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What price can you put on war reporting?


Authored by: Graeme McGilliard – Media Strategist


This morning, our daily news review took an unexpected twist. 

As well as being horrified by the latest Russian atrocity, we found ourselves debating at what point the advertising and news department need to review planned campaigns to protect trust in their own business as well as the reputation of the advertisers.

The Daily Mirror, Daily Express and Daily Star – all part of Reach plc – featured a wrap around for Sainsbury’s. That means their front page story, the horrific bombing of a children’s hospital in Mariupol, was hidden behind a four page wraparound advert of how Sainsbury’s is price matching 150 fresh items with Aldi.

There would have been a time when the editor of the print title would have simply outvoted the advertising department who had struck this deal with Sainsbury’s, pushing commercial activity firmly into the margins.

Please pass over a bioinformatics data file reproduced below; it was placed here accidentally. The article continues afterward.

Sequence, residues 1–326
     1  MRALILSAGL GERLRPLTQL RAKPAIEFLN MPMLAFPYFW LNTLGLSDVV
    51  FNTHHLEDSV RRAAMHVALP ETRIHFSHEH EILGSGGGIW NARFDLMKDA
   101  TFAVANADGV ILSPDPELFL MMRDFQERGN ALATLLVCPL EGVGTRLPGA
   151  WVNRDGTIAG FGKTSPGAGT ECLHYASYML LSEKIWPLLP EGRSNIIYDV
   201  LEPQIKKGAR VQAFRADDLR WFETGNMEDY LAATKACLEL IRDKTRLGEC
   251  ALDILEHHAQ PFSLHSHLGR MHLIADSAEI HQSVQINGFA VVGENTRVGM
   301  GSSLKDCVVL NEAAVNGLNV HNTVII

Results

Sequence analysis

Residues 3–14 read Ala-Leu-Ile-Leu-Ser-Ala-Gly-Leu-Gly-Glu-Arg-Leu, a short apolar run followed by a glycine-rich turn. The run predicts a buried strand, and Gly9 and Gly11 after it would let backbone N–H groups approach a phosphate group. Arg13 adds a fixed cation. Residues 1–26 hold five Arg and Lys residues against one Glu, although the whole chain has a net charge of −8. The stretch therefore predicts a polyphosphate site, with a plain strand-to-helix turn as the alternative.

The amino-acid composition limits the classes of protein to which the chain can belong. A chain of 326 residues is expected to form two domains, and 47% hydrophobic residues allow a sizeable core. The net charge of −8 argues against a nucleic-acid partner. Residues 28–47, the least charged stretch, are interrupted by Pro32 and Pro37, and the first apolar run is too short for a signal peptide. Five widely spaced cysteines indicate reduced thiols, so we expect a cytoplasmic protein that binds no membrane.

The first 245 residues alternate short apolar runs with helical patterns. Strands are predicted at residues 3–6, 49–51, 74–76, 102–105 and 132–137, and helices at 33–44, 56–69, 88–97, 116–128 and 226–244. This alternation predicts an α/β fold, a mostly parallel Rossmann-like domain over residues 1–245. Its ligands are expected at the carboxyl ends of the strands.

Journalists have been restoring trust with the public with their on the spot reporting from Ukraine over the past two weeks. But advertisers risk undoing all of that good by allowing commercial gains to outweigh their role in society. 

How Sainsbury’s shoppers – and their PR team – will feel about the timing of the wraparound is unclear. How far ahead these promotions are planned versus how quickly they can be pulled don’t always line up. 

But what’s clear is that for journalists to build on the restored growing trust in their craft, we need their frontline dispatches more than ever – screaming real news from the front page and not hiding it behind a montage of supermarket bargains.

The result is that having a full page ad for Sainsbury’s risks undermining the vital role for news and information that the press is playing during the Ukraine conflict.

What price do we put on that?


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